In 1971, the list of official federal holidays was enlarged by one more commemorating holiday – Memorial Day. On this day, which according to the National Holiday Act of 1971 falls on the last Monday in May, people honor those who died in service of the U.S. military forces.
Initially, Memorial Day bore the name of Decoration Day and was observed on May 30. It was aimed at remembering all the fallen soldiers of the Civil War (1861-1865), the number of which exceeded deaths of any U.S. conflict.
The first observance of Decoration Day was held on May 30, 1868 and since then was called for becoming a nationwide day by General John Logan, national commander of the Grand Army of the Republic. By 1890, the tradition to commemorate the fallen soldiers of the U.S. military by decorating graves with flowers and reciting prayers was spread along all the northern states and was acknowledged by the South after World War I.
Decoration Day gradually started to be known as Memorial Day as the primary purpose of the holiday changed. World War I was full of other major conflicts, which took lives of many soldiers. Hence, it became more relevant to call May 30 as Memorial Day rather than Decoration Day (which was honoring only those who died in the Civil War). Soon, in 1966, Waterloo, New York, was declared as the official birthplace of Memorial Day by President Lyndon Johnson. A few years later, in 1971, Memorial Day became a federal holiday with a new date of observance falling on the last Monday in May and providing all the federal employees with a three-day weekend.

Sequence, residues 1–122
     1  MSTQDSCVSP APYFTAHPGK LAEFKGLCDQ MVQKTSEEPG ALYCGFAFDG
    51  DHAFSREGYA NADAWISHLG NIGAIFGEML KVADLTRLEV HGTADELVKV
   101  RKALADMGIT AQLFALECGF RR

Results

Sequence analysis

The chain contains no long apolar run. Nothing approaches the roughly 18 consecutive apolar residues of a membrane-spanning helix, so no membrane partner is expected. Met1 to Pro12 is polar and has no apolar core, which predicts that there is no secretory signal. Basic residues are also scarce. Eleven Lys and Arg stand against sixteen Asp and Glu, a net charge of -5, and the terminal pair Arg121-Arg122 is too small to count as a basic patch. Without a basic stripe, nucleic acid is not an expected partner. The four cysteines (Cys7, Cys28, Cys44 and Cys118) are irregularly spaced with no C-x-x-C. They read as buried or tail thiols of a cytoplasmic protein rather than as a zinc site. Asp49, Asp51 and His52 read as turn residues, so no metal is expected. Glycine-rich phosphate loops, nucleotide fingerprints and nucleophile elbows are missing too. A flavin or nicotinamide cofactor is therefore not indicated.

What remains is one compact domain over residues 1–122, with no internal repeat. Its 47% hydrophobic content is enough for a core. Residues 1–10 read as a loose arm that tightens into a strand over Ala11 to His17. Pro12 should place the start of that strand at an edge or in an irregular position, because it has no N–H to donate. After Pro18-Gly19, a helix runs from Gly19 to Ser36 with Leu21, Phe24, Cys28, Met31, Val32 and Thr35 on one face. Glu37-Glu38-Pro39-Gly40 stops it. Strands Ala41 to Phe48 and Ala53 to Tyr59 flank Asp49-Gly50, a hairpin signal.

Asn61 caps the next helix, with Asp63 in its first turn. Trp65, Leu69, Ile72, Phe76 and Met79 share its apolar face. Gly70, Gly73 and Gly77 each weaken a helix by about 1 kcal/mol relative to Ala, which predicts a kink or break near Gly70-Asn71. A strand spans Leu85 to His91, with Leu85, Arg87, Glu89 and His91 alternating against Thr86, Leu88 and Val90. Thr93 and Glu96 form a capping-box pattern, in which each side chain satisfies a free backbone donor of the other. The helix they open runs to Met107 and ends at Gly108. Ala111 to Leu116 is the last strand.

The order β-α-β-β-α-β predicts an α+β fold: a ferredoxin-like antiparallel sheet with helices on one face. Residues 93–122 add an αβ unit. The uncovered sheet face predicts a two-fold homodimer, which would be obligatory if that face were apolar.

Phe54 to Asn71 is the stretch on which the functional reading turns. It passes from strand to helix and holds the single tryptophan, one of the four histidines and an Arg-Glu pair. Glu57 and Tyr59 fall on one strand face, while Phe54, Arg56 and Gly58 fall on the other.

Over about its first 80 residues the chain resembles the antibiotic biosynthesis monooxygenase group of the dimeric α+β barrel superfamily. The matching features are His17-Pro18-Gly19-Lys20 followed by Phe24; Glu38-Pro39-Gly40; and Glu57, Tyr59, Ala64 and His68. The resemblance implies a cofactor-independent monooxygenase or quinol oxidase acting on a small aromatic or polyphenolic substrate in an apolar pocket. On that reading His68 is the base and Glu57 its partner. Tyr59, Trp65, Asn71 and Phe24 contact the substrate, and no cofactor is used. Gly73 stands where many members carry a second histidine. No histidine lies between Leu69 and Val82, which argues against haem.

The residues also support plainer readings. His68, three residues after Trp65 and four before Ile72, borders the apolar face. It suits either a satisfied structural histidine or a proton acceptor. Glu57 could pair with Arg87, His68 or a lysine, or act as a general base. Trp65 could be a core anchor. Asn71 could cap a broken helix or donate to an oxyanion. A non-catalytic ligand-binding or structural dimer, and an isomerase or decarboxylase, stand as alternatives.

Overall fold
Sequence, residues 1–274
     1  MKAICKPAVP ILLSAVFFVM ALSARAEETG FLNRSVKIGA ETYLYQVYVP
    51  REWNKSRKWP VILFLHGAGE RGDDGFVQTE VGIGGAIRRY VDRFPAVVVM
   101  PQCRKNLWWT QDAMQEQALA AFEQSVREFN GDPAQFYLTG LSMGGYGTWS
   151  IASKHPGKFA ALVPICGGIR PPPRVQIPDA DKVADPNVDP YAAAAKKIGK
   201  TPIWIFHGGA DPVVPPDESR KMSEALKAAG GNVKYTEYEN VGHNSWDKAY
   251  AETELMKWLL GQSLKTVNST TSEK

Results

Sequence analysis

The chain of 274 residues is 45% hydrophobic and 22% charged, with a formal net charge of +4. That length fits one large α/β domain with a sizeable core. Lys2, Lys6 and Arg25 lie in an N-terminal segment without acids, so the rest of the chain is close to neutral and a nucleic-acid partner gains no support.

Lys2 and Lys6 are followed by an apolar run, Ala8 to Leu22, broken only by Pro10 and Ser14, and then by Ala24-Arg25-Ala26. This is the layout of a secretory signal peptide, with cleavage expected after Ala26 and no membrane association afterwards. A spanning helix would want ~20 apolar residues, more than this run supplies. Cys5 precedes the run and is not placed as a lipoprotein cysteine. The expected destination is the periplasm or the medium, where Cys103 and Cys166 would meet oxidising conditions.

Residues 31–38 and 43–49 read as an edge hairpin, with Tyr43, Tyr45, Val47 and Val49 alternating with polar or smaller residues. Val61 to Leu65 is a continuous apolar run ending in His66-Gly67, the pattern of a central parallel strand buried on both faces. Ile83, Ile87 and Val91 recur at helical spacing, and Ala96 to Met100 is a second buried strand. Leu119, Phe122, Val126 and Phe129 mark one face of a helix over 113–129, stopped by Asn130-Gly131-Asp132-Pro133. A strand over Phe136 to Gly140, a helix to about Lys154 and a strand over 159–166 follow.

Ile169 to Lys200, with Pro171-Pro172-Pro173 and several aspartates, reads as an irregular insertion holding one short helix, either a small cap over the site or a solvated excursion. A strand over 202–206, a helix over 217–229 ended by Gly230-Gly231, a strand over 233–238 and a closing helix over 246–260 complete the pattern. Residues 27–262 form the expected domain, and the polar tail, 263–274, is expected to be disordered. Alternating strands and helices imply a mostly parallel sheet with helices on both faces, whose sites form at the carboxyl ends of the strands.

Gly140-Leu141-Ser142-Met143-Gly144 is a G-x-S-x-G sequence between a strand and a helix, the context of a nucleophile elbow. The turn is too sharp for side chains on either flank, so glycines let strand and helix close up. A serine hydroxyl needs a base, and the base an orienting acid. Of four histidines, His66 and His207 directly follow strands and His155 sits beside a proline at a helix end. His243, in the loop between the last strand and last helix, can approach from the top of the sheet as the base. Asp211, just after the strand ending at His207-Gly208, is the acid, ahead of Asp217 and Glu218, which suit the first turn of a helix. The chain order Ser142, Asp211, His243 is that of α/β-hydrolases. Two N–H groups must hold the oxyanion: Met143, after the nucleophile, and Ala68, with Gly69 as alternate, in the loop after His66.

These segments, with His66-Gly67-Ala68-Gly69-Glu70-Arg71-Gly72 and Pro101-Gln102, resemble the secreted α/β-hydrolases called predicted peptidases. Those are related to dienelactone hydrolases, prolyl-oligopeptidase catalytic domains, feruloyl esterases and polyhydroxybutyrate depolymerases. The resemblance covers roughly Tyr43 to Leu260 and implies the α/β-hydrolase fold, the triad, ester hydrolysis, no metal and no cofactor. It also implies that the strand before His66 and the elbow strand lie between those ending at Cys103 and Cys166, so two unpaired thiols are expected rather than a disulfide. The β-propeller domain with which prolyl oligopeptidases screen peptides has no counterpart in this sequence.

Early observances of Memorial Day don’t differ too much from those we have nowadays. People visit cemeteries and memorials, decorate graves with flowers and flags as well as recite prayers for those who gave their lives for the sake of the USA and its future generations.
Less official version of celebration of Memorial Day is marked with barbecues and parties. Memorial Day is considered to be the very beginning of summer season.